Home Doctor NewsNeurology News Higher exposure to air pollution is associated with higher functional brain connectivity: Study

Higher exposure to air pollution is associated with higher functional brain connectivity: Study

by Vaishali Sharma
air pollution

According to the findings of a study conducted by the Barcelona Institute for Global Health (ISGlobal), more exposure to air pollution is related with stronger functional brain connectivity across numerous brain areas in preadolescents, although exposure to traffic noise is not.

The findings also identify the first years of life as the most sensitive period of exposure to air pollution. Traffic-related air pollution and noise are affecting an increasing number of people worldwide. “We already know that children are particularly vulnerable to the effect of these exposures, because of their immature metabolism and developing brain,” says ISGlobal researcher and senior author Monica Guxens. In fact, several studies by Guxens and others have found an association between exposure to traffic-related air pollution during early childhood and alterations in the brain structure.

In this study, the research team used magnetic resonance imaging (MRI) to explore whether higher exposure to air pollution or noise could also be associated with possible alterations in brain connectivity (i.e. the way in which different brain regions interact). “The use of MRI has opened up new possibilities in epidemiological research for investigating the structure and the functioning of the brain,” says Guxens.

The researchers analysed data from the Generation R Study, which included 2,197 infants born between April 2002 and January 2006 in Rotterdam, the Netherlands. They used land use models to estimate levels of nitrogen oxides (NOx and NO2) and particulate matter (PM) in the participants’ residences at various times: during pregnancy, from birth to 3 years, from 3 to 6 years, and from 6 years to the age of the MRI scan. Traffic noise levels were assessed using available noise maps. Participants between the ages of 9 and 12 were asked to undertake a resting MRI scan (i.e. with no external stimuli).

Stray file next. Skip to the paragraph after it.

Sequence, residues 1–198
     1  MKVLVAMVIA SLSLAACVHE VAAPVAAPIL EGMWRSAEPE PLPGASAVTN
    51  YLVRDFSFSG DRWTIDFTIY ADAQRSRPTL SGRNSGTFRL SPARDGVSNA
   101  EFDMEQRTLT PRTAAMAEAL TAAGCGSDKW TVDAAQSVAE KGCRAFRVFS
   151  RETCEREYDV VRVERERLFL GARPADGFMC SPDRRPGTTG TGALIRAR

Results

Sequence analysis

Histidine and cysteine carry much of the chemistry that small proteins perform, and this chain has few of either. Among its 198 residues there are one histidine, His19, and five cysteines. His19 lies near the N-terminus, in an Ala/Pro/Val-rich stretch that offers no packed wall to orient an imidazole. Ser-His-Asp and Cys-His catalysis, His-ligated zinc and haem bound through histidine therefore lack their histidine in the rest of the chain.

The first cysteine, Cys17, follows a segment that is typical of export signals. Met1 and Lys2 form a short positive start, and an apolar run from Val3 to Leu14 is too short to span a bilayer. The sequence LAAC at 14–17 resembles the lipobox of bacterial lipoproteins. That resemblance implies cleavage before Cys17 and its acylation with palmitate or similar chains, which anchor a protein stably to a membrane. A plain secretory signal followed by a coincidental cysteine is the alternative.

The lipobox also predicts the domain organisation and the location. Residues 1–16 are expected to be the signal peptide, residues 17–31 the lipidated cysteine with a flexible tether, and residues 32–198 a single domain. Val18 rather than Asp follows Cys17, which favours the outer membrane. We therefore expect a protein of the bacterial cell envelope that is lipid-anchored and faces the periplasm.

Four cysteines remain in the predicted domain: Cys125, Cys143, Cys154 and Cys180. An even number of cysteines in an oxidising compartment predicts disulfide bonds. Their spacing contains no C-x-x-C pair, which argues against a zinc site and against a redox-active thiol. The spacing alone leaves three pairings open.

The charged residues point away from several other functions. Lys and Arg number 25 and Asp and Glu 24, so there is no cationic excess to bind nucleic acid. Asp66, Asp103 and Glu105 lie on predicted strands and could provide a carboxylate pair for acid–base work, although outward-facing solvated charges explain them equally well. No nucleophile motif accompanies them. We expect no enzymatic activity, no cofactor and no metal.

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The findings show that higher exposures to NO2 and PM2.5 absorbance (an indicator of black carbon particles) from birth to 3 years, and to NOx from 3 to 6 years of age were associated with higher functional brain connectivity among several brain regions in the preadolescents. The associations were identified in brain areas predominantly involved in two networks that have strongly opposing functions: the task negative (or “default-mode”) network tends to be activated in resting conditions and the task positive network tends to be activated during tasks that demand attention. “We still have to understand the consequences of this increased activity of both networks in resting conditions, but for now we can say that the brain connectivity in children exposed to higher levels of air pollution is different from what we would expect,” says Laura Perez-Crespo, first author of the study.

0-3 year olds most vulnerable to air pollution

The period from birth to three years had the most vulnerability to air pollution, and black carbon was the pollutant most related with alterations in brain connections. As the authors point out, diesel cars are the primary source of black carbon and nitrogen oxide pollutants in European cities. Despite the fact that multiple studies have shown that noise impacts cognitive development in children, noise exposure at home was not connected with variations in brain connection.

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